Yesterday AT&T changed and rebranded its Mobile Share plans on its website. Mobile Share Advantage is gone, replaced with Mobile Share Flex. The new Flex plans are very similar to the Advantage plans except for one big, unfortunate change: Price.
AT&T likely realized just how popular this move would be and opted to roll out this change on a Friday before a holiday weekend without any announcement or warning.
The previous Advantage plans are no longer listed on the website and technically no longer available.
The big change is a de facto price increase - AT&T either increased the price for the same amount of data or reduced the size of the data allowance while keeping the price the same. The result is that tiered data plans on AT&T are more expensive, some ridiculously so.
The chart above compares the new Flex plans with the previous Advantage plans on a cost per month and per Gigabyte basis. Verizon's data capped plans are included for comparison purposes. Across the board, the changes give customers less for more - so much so that getting an Unlimted plan with AT&T is cheaper in many cases.
AT&T has redefined "Flex" to mean "more expensive."
The new Flex plans retain most of the features of the Advantage plans.
All plans include rollover data, but any rolled over data is only usable in the very next billing cycle. Flex also keeps the most annoying limitation to the rollover feature - Regular monthly plan data is consumed first, then rolled over data. So if you have a 10GB plan and only use 5GB this month, next month you will have 15GB available. But to tap into the extra 5GB, you have to use up your entire 10GB of plan data FIRST - meaning the following month you'll have no data rolled over at all.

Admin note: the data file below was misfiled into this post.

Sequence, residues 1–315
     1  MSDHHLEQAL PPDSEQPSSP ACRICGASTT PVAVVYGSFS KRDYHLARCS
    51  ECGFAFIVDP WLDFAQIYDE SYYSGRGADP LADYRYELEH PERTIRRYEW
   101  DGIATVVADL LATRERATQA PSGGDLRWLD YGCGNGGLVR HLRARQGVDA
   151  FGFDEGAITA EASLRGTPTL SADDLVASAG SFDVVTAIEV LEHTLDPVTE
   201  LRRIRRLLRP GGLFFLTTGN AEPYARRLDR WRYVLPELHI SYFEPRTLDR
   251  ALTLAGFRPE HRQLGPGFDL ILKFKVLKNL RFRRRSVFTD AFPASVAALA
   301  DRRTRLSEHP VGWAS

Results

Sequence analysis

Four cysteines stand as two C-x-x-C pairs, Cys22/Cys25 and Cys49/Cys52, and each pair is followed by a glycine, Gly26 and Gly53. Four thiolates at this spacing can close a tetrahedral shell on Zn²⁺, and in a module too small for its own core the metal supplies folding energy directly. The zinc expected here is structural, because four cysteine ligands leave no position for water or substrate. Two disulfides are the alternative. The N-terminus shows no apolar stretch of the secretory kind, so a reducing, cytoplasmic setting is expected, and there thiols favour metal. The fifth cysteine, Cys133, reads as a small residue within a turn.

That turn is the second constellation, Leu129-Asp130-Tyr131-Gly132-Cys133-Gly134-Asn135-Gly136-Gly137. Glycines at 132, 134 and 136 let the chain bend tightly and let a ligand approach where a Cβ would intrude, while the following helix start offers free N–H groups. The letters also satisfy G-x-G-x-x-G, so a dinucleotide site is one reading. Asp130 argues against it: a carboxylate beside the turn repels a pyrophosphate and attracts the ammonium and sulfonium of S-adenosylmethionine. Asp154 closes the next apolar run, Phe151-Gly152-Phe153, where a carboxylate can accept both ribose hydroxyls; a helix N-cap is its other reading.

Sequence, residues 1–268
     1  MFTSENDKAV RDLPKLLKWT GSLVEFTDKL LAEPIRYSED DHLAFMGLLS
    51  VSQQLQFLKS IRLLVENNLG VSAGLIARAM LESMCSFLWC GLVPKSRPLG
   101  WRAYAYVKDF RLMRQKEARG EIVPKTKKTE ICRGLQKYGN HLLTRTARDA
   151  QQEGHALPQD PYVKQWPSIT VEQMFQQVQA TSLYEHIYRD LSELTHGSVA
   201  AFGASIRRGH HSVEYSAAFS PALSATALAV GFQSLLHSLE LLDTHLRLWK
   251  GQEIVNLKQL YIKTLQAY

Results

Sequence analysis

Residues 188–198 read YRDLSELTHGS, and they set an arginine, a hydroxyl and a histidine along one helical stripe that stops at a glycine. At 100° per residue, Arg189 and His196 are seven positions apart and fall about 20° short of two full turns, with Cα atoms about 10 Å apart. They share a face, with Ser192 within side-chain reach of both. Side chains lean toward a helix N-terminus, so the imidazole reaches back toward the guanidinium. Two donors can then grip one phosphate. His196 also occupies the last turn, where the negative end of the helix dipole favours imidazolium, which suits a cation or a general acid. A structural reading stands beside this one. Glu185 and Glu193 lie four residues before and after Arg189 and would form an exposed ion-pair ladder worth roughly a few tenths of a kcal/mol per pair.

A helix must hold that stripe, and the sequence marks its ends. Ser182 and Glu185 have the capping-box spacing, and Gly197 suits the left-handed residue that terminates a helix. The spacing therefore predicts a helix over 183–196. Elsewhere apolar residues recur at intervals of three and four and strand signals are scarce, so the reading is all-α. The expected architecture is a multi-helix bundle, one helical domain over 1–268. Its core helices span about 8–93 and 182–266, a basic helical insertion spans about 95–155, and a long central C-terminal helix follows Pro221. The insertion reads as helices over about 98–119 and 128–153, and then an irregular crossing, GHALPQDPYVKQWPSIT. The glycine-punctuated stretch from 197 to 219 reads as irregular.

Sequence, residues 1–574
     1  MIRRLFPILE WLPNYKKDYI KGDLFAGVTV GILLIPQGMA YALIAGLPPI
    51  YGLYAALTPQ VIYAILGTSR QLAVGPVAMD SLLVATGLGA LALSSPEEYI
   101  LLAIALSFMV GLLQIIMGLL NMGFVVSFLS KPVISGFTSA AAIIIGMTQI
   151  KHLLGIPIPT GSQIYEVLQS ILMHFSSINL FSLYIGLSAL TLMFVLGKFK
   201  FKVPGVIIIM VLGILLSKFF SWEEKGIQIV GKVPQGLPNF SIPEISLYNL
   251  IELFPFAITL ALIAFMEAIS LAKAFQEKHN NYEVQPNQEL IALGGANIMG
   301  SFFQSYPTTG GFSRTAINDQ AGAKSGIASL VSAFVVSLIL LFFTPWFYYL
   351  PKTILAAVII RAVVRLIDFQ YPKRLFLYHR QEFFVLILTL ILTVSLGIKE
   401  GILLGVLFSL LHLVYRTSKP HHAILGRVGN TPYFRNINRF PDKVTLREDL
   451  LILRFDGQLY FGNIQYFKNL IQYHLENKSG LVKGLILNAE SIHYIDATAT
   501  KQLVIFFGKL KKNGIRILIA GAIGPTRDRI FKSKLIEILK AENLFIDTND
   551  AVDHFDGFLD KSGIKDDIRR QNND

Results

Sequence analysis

There are no overage charges but speeds drop to a glacial 128kbps (2g) when the monthly data allotment is used up.
International data roaming is only available in Mexico and only for the 10GB and 20GB plans and only for some devices. Connected vehicles, wearables, and the Wireless Home Internet (Home Base) device are exempt - these devices will be charged pay-per-use roaming rates in Mexico.
Like the previous Advantage plans, the Flex plans do not include any data roaming for Canada.
Like all other AT&T plans, stream saver is enabled by default but it can be turned off. Most users will want to keep this on if they plan to watch any video using these plans. The plans do not include any "free" streamed video content or HBO (which are exclusive to the Unlimited plans), so all data used comes out of the plan allotment.
Line Access and Other Charges:
AT&T retains the $20 monthly line access charge for smartphones, laptops, hotspots, and netbooks. However, those who are on a 2-year agreement (to get, for example, a free or discounted device) will pay $40 a month for the access charge. Tablets, wearables, gaming and other connected devices will pay $10/month per device except for the Wireless Home Internet (Home Base) device, which costs $30/month.
These plans are all eligible for the paperless billing and auto pay discount, which is $10/month.
Should You Switch?
The short answer is no. There is little reason to switch to any of the Flex plans since they offer less value than the previous Advantage plans.
Those with existing Advantage plans are grandfathered and can add or remove lines and still keep the plan. However, Advantage plan customers who want to change their high-speed data allotment will be forced onto one of the new Flex plans. So the only reason to switch is if you really need to change your data allotment and want to stay with an AT&T tiered data plan. But compare the Flex plans carefully with the unlimited plans - in many cases, an Unlimited plan will be less money per month.
Overall, these plans are a significant downgrade from the Advantage plans...which weren't all that great to begin with. It's unclear why anyone would, for example, pay $45 a month (plus taxes and fees) for a phone plan with a paltry 1GB of data or pay $120/month for 20GB of data when Unlimited data and much better features are available for $90/month with AT&T's Unlimited Plus plan.
These plans are a bad value and should be avoided for most mobile internet users.